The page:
A biocultural conflict between a coming-of-age ceremony of the Daasanach community and wildlife conservation exists in East Africa, but the young community members are calling for alternatives that support their ceremony and wildlife conservation, a study from the University of Helsinki finds.

Cheetah photographed in Sibiloi National Park (February 2020). Photo: Daniel Burgas

A new study from the University of Helsinki examines a case of a coming-of-age ceremony that impacts threatened animal populations, which in turn threatens the cultural practice itself. Researchers name this reciprocal relationship as ‘biocultural conflict’.

Dimi is the main traditional coming-of-age ceremony of the Daasanach community, extending between southeast of South Sudan, southern Ethiopia, and northern Kenya. Participating in Dimi is the only way a man can acquire the status of an elder and become a true and respected member of the Daasanach community. During the ceremony, participants must exhibit spotted skins of cheetahs or leopards as capes. The increasing number of participants in the ceremony and decreasing big cat populations in the area have led to prohibitively high skin prices in recent years.

“The idea of this study started the very first day that we heard about the most important ceremony of the Daasanach community, the Dimi, and the associated use of skins. On that day, we decided to better understand the ceremony, to explore changes that may exacerbate biocultural conflict, and to identify local concerns and foreseeable opportunities to support biological and cultural diversity,” explains Miquel Torrents-Ticó, the lead author of the study and a PhD student from the Faculty of Biological and Environmental Sciences at the University of Helsinki.

Biocultural approaches to conservation have previously mainly focused on those cultural practices of Indigenous peoples and local communities that effectively support biological diversity. However, there are also practices that exacerbate the decline of wildlife species. In these biocultural conflicts, the authorities have historically regulated these practices by top-down conservation approaches, criminalizing these cultural practices. This has further marginalized Indigenous peoples and local communities, stripping them of their rights to conserve their cultural heritage.

Changes in Dimi that Exacerbate its Impacts on Wildlife

Researchers counted a substantial number of skins in Dimi ceremonies and found out in interviews that Dimis have grown in numbers of participants in recent years, and that the events are more frequent. This is causing Dimi to become unsustainable at the sociocultural and ecological levels, and thus threatening the celebration of Dimi as it is currently practised.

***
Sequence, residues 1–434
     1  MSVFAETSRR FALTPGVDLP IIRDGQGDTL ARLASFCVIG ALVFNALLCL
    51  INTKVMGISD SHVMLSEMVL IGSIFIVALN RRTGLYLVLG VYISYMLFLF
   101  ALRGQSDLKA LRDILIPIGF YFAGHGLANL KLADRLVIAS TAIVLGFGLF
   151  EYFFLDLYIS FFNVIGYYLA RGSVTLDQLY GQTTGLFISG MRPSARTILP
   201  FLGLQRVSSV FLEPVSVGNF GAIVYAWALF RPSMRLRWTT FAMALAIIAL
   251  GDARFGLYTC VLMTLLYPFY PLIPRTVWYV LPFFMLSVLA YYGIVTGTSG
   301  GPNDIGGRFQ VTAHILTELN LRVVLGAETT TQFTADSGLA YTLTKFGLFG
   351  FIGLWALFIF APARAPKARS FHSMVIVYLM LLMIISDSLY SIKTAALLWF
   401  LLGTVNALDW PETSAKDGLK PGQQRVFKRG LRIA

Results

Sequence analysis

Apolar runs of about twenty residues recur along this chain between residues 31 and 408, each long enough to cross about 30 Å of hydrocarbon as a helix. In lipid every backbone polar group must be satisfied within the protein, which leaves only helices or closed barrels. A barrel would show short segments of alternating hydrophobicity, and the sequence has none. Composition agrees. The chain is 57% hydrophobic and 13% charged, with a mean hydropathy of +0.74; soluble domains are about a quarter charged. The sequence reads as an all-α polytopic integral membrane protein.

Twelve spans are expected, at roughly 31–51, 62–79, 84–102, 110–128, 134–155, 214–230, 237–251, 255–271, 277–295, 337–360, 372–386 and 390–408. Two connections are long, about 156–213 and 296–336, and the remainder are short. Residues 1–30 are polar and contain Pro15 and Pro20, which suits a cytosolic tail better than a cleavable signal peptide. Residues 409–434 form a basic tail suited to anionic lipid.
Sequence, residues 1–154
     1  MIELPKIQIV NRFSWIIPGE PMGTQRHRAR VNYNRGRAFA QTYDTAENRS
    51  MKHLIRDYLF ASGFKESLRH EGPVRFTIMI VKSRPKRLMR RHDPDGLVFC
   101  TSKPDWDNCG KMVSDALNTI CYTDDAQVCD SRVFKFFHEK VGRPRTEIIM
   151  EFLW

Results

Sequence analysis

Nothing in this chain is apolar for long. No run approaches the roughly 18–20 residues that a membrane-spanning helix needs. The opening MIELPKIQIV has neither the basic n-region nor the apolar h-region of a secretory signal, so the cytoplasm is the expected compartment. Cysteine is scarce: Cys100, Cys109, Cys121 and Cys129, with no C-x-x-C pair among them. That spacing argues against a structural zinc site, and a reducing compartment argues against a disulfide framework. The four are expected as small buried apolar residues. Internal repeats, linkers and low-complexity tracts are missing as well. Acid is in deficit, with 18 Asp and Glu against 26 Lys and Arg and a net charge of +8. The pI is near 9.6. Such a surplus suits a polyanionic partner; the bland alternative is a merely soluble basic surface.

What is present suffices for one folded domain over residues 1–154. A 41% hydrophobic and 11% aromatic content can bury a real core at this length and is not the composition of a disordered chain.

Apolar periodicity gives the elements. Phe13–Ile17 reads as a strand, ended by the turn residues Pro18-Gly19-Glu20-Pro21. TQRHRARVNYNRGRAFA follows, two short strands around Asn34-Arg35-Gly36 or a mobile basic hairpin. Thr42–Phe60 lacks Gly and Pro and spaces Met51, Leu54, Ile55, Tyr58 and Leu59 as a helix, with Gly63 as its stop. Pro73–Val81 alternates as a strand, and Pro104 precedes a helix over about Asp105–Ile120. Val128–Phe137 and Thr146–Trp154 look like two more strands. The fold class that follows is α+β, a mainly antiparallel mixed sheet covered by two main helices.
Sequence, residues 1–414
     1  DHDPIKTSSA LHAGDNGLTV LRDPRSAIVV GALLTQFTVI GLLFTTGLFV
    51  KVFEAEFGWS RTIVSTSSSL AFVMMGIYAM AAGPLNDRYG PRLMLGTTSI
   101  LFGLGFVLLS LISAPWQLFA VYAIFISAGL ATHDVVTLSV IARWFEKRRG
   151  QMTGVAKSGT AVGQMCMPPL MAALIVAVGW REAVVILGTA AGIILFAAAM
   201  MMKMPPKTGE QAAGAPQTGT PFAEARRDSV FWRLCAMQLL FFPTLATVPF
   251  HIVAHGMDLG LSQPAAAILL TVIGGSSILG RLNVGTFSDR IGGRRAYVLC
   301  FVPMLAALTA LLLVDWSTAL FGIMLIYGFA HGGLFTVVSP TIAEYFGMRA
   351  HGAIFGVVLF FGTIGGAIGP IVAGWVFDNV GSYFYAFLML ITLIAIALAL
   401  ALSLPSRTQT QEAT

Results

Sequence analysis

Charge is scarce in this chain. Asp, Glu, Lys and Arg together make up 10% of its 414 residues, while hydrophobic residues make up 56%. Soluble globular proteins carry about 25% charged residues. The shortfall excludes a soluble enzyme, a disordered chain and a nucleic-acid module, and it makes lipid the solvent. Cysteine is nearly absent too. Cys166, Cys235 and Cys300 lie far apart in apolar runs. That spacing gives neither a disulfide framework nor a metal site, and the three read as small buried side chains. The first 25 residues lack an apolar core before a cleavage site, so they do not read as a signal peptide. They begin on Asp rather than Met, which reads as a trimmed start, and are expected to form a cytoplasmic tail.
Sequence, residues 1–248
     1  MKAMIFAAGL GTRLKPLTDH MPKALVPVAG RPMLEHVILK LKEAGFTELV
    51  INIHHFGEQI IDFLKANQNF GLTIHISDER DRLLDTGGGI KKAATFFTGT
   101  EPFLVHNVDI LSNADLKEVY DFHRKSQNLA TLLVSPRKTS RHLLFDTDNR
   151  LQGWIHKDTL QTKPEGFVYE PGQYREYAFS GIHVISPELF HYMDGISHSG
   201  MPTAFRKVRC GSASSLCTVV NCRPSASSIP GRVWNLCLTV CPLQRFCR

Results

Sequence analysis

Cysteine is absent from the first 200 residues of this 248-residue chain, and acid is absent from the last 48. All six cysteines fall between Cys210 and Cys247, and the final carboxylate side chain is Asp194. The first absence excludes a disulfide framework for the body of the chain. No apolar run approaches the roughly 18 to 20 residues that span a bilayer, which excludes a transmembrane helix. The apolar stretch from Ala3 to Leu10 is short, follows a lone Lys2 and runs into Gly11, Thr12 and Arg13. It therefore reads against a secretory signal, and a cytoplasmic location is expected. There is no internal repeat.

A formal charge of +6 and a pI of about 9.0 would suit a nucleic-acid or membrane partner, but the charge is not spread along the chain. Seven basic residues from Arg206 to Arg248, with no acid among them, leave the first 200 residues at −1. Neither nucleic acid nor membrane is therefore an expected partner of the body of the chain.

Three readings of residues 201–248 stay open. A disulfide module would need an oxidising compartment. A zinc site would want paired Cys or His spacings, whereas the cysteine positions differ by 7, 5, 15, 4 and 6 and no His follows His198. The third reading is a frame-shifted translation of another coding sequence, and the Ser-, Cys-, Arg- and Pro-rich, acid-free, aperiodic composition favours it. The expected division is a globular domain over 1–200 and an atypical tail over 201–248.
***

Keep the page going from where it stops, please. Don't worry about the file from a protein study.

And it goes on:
“Many young members of the community have voiced their concerns about the unavailability and high costs of skins,” says Torrents-Ticó.  

The increasing value of skins threatens distant cheetah and leopard populations. Furthermore, unaffordable prices increase the use of other local spotted species, such as civet, genet or serval.

In view of these changes, there is urgency in aligning this cultural practice and the ecological context that supports it. Nevertheless, Dimi represents a case where there is a possibility for change.

“The day we were invited to witness the Dimi ceremony was very special, not only because we were going to see it, but because the invitation reflected a strong, genuine and long-lasting relations of trust between the community and us,” explains Torrents-Ticó.

Dimi participants wearing carnivores’ skins (i.e., either from cheetah or leopard) tied at the waist with a wide belt of beads. Photo: Daniel Burgas

Opportunities for Dialogue

Conservation science and policy need to consider the biocultural conflicts and find ways of preserving both biodiversity and cultural practices more broadly. Due to the global decline of natural resources, these conflicts are bound to increase and worsen.

“Opening space for dialogue with local communities and understanding both the social and ecological dimensions of biocultural conflicts is fundamental for supporting the conservation of biocultural heritage,” emphasizes Torrents-Ticó.

Nevertheless, there is clear potential for a sustainable form of Dimi. The younger generations —especially highly-educated community members — are aware of the loss of wildlife altering the very foundations of the Dimi ceremony. Alternatives need to be found to support the continuance of their cultural practices and wildlife conservation. Such awareness opens the possibility of establishing constructive dialogues toward more local sustainable cultural practices.


Miquel Torrents-Ticó is a Doctoral Researcher at the Global Change and Conservation Lab (GCC) and also a member of Helsinki Institute for Sustainability Science (HELSUS), University of Helsinki.


This blog post is based on a study by:

Torrents-Ticó, M., Fernández-Llamazares, Á., Burgas, D., Nasak, J. G., & Cabeza, M. (2022). “Biocultural conflicts: understanding complex interconnections between a traditional ceremony and threatened carnivores in north Kenya.” Oryx. doi:10.1017/S0030605322000035

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